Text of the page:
Throughout all mythology Helen of Troy stands to be one of the many mythological divinities repeatedly described as beautiful. The Trojan War is said to have been a direct result of this beauty described by some as, “The face that launched a thousand ships.”

We are first introduced to Helen as she is born the daughter of gods Leda and Zeus. As years pass and her beauty develops, men take an interest, and she is courted by many of the most eligible noblemen of Greece. In an effort to manage their interests, Odysseus suggests that Helen be allowed to choose her husband based on her own standards, and commands the remaining suitors to vow they will protect and defend the chosen one, Menelaus, without spite, by any means necessary. Paris, another suitor eager to win over Helen’s heart, persuades and abducts her to Troy. When word reaches the other possible suitors waiting back in Sparta, they uphold their former vow, making an armed expedition to Troy, beginning the ten year battle known today as the “Trojan War.” However, alternate traditions tend to suggest that Helen was first taken to King Proteus of Egypt as her phantom body descended with Paris to Troy. After the wars long fought conclusion, Helen was reunited with Menelaus upon his return to Egypt.

This portrayal is supported by Euripides as he quotes Helen saying: “… and yet I was not the cause of the Trojan War/ a prize for Greek spears, but my name was” (Helen, 239, 43-44). Euripides also tends to suggest that the Trojan War was not a result of Helen’s abduction, but rather a process ignited by Zeus to cleanse the world of a population overflow: “Then Zeus/ devised other evils to add to these./ For he brought war to the land of the Greeks/ and to the unfortunate Trojans to lighten/ Mother Earth’s load from an abundance of human beings” (Helen, 239, 36-40).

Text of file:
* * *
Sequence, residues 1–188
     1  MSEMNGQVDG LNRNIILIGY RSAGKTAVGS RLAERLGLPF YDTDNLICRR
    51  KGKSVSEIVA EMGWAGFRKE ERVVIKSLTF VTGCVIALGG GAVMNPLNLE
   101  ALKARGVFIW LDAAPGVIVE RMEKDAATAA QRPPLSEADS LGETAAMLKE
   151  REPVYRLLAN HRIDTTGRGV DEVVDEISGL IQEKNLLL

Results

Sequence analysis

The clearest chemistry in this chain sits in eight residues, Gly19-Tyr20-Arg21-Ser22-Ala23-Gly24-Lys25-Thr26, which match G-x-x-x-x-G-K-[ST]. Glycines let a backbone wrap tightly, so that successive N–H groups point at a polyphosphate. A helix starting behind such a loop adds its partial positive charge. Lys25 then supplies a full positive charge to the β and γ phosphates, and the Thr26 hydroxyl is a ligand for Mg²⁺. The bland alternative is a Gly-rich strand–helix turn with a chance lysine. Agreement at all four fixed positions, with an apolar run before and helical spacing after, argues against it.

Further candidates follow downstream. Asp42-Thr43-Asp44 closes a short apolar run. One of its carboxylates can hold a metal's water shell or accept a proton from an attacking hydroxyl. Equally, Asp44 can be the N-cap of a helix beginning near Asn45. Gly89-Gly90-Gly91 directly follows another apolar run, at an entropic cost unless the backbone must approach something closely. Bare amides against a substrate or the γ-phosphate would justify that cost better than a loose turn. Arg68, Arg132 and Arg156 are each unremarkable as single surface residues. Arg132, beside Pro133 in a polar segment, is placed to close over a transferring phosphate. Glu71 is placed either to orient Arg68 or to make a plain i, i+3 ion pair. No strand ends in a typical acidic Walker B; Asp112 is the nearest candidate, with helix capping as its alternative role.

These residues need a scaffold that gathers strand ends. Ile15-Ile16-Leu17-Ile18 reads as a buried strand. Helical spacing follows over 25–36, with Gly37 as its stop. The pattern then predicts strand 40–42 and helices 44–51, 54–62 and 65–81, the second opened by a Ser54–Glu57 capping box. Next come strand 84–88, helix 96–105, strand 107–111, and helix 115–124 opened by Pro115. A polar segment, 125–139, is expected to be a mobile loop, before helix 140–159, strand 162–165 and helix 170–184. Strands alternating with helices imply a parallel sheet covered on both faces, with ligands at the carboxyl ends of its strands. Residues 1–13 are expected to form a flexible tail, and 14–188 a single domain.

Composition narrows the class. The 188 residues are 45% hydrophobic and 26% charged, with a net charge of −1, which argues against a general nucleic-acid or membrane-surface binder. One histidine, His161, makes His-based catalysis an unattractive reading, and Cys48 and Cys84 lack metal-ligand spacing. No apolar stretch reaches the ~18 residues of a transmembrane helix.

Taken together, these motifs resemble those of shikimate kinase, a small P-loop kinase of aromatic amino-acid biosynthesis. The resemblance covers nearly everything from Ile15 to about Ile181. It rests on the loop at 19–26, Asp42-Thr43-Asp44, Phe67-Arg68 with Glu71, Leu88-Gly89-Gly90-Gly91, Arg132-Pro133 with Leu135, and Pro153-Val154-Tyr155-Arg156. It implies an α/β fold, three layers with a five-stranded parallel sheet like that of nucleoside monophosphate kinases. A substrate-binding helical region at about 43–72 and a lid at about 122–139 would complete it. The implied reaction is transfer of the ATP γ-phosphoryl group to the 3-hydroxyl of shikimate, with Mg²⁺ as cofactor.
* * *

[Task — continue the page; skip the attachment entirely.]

In contrast with Euripides portrayal, Homer suggests that the Trojan War was not a method of cleansing the earth, but rather a direct result of her beauty, possible infidelity to Menelaus, and men’s constant lust. In book three and four of the Iliad, Homer describes the process of the Trojan War and how it began through Menelaus’ paranoid anger, and Paris’ want and protection of Helen: “… and set me in the middle with Menelaus the warlike/to fight together for the sake of Helen and all her possessions. / That one of us who wins and is proved stronger, let him/ take the possessions fairly and the woman, and lead her homeward” (The Iliad, 102, 69-72). In constant battle with Paris over Helen’s love, Menelaus proceeds to Troy in an effort to win her back.

Although traditions may change and the interpretations of which may differ, one thing is for certain, Helen’s image still stands to be, “The face that launched a thousand ships.”


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Last updated October 23, 2005